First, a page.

Money is an Experience Good: Competition and Trust in the Private Provision of Money

By Ramon Marimon, Juan Pablo Nicolini and Pedro Teles

We study the interplay between competition and trust as efficiency-enhancing mechanisms in the private provision of money. With commitment, trust is automatically achieved and competition ensures efficiency. Without commitment, competition plays no role. Trust does play a role but requires a bound on efficiency. Stationary inflation must be non-negative and, therefore, the Friedman rule cannot be achieved. The quality of money can only be observed after its purchasing capacity is realized. In that sense money is an experience good.

Can the private provision of money work out better than the public one? This paper seems to indicate that the answer is no, unless there is full commitment by the issuer to preserve the future value of money or, in the absence of this commitment, that there is a very high level of trust in the issuer. If any of the two is lacking, even competition would not help. This is of special interest as it has often been argued that competition is what would keep private issuers from abusing their position.

One Response to Money is an Experience Good: Competition and Trust in the Private Provision of Money

  1. Noni Mausa says:

    Since money is essentially a pledge of future effort*, it’s obvious that trust and its obverse, commitment, are necessary. It seems to me that a slight level of inflation (or initial overpayment) is also necessary, to compensate for the inevitable losses incurred between the giving of the pledge and the redeeming of it.

    Can privately issued money be trusted? It seems to me that the potential for cheating (by the issuer) is so large as to make this system inherently untrustworthy over any long time span ~10 years or more. A generational buildup of such pledges, in the form of savings, for instance, or pension obligations, becomes a target as it grows. Insufficient regulation with rubber teeth leaves such accumulations vulnerable to theft, default, or other sorts of degradation.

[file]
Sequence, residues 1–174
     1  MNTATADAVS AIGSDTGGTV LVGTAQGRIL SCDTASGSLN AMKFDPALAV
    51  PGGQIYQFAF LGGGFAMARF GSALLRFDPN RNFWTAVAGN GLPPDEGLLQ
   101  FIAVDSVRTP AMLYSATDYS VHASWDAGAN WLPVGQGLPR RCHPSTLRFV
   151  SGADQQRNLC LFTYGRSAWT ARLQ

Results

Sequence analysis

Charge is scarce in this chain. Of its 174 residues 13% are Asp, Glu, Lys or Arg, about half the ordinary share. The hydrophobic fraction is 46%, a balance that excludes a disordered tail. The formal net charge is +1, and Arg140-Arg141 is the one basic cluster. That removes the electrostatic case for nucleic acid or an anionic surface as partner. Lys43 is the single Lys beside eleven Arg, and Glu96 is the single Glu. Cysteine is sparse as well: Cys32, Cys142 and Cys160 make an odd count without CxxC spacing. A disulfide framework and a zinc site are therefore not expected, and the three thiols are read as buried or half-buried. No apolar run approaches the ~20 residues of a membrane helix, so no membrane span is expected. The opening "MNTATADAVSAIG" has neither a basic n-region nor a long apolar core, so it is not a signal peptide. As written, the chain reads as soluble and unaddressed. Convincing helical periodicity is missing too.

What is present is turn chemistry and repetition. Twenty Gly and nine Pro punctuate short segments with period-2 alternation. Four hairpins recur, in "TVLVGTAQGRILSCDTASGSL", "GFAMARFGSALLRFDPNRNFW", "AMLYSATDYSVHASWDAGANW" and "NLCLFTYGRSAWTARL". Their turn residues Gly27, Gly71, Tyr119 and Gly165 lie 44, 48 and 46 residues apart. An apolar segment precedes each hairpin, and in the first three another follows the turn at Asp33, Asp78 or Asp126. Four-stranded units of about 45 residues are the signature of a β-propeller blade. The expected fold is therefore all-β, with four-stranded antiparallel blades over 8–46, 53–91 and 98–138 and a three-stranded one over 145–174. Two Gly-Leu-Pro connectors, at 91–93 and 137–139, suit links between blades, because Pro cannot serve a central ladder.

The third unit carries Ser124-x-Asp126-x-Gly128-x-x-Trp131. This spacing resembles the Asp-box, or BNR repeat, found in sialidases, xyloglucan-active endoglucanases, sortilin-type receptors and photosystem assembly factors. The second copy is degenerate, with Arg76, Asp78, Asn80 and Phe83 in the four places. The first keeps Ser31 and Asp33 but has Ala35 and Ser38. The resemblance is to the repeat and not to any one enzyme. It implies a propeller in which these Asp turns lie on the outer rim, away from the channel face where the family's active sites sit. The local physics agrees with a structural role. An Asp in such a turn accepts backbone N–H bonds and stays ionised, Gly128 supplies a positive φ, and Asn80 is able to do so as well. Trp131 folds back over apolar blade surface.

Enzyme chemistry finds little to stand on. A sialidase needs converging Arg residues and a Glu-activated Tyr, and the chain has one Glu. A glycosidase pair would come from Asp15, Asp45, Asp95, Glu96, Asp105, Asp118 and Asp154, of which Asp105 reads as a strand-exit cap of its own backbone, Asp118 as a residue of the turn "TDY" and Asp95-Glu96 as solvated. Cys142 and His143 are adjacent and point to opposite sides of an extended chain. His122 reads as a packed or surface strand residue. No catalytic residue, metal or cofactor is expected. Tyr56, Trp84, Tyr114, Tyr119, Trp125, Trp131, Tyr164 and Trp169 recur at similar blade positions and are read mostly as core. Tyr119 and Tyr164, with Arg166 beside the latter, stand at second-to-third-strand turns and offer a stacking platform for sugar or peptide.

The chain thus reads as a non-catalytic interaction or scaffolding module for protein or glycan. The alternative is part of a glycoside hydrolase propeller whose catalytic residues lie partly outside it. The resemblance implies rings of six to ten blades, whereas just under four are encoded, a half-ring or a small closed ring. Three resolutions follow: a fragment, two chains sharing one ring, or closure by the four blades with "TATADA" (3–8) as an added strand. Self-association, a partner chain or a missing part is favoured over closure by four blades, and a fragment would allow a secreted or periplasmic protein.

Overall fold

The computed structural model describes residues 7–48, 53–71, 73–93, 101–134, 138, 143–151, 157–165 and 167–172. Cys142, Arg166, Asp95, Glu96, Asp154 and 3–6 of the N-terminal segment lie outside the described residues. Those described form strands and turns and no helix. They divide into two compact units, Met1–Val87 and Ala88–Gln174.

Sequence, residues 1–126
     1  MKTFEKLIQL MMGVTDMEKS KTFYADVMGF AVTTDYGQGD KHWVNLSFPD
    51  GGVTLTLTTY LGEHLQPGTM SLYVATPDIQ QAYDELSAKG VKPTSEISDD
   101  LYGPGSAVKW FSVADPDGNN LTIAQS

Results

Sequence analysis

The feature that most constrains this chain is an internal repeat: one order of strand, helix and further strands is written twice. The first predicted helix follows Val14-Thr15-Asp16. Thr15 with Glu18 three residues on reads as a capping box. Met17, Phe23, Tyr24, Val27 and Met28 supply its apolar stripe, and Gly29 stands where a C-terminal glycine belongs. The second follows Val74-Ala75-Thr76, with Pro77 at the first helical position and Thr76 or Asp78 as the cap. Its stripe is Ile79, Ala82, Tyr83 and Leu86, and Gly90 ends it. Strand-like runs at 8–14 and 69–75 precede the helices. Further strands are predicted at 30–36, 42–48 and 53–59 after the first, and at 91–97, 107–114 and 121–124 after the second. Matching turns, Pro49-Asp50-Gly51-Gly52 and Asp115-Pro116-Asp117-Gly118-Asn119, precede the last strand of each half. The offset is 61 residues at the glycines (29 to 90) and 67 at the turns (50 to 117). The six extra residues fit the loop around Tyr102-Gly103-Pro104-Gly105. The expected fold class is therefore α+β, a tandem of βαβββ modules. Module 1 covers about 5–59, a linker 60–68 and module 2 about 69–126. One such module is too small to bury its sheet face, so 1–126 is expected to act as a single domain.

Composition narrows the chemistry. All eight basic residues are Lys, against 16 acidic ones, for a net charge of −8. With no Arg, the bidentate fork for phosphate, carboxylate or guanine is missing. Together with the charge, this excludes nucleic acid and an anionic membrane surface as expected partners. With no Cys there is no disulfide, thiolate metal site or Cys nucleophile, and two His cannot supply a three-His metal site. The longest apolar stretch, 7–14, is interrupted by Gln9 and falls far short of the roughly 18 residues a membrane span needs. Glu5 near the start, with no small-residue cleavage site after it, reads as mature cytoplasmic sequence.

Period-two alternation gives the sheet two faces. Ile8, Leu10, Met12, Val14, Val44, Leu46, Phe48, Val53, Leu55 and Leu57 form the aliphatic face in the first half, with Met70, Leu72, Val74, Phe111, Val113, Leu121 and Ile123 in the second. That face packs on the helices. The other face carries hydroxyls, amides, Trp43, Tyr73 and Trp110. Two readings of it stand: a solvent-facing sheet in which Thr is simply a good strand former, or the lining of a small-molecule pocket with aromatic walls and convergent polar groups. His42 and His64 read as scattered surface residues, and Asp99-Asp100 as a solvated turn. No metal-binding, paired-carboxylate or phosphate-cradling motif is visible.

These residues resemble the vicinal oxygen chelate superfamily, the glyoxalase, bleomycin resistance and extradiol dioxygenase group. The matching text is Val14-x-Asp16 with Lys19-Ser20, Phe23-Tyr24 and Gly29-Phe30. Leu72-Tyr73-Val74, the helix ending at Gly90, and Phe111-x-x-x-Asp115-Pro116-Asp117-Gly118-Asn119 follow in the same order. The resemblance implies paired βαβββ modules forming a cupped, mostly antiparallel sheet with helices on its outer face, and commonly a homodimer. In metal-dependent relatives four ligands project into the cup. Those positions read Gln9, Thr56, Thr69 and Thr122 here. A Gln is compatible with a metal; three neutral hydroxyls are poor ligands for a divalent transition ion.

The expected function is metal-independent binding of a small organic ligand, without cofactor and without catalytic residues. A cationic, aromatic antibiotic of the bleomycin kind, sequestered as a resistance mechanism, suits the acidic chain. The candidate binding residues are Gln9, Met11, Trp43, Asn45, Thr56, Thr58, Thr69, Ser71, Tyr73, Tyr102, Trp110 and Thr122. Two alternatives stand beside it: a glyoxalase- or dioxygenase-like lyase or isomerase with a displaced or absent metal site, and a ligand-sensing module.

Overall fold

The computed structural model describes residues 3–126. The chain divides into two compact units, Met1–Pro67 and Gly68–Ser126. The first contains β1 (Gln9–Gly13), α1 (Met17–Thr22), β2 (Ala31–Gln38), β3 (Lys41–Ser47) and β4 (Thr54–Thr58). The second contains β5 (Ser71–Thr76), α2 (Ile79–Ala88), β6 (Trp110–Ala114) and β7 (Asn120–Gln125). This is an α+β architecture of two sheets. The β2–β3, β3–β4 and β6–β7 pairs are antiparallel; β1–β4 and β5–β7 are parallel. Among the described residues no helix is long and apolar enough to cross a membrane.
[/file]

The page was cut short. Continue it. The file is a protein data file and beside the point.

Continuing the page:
Over a working lifetime people are wise to accumulate money-pledges, to provide for their old age. From 1950 – 75 they did so, in the most productive generation ever known. Savings in the form of investments, real estate, deferred salary (pensions) and social infrastructure were laid down by the WWII generation and their children, the baby-boomers. But by the time the first boomers began retiring all that accumulation had been opened up to predation and default. Essentially, they had expended effort in their productive years in return for a large promise of future support which was, post-1980, structurally defaulted upon.

    For generational stability, only something with a long time frame can be trusted to manage the put and take of money. At present, though national governments have their own problems, they are the only agents which inherently endure over many generations.


    * That is, future effort by unspecified participants in the monetary system in question.

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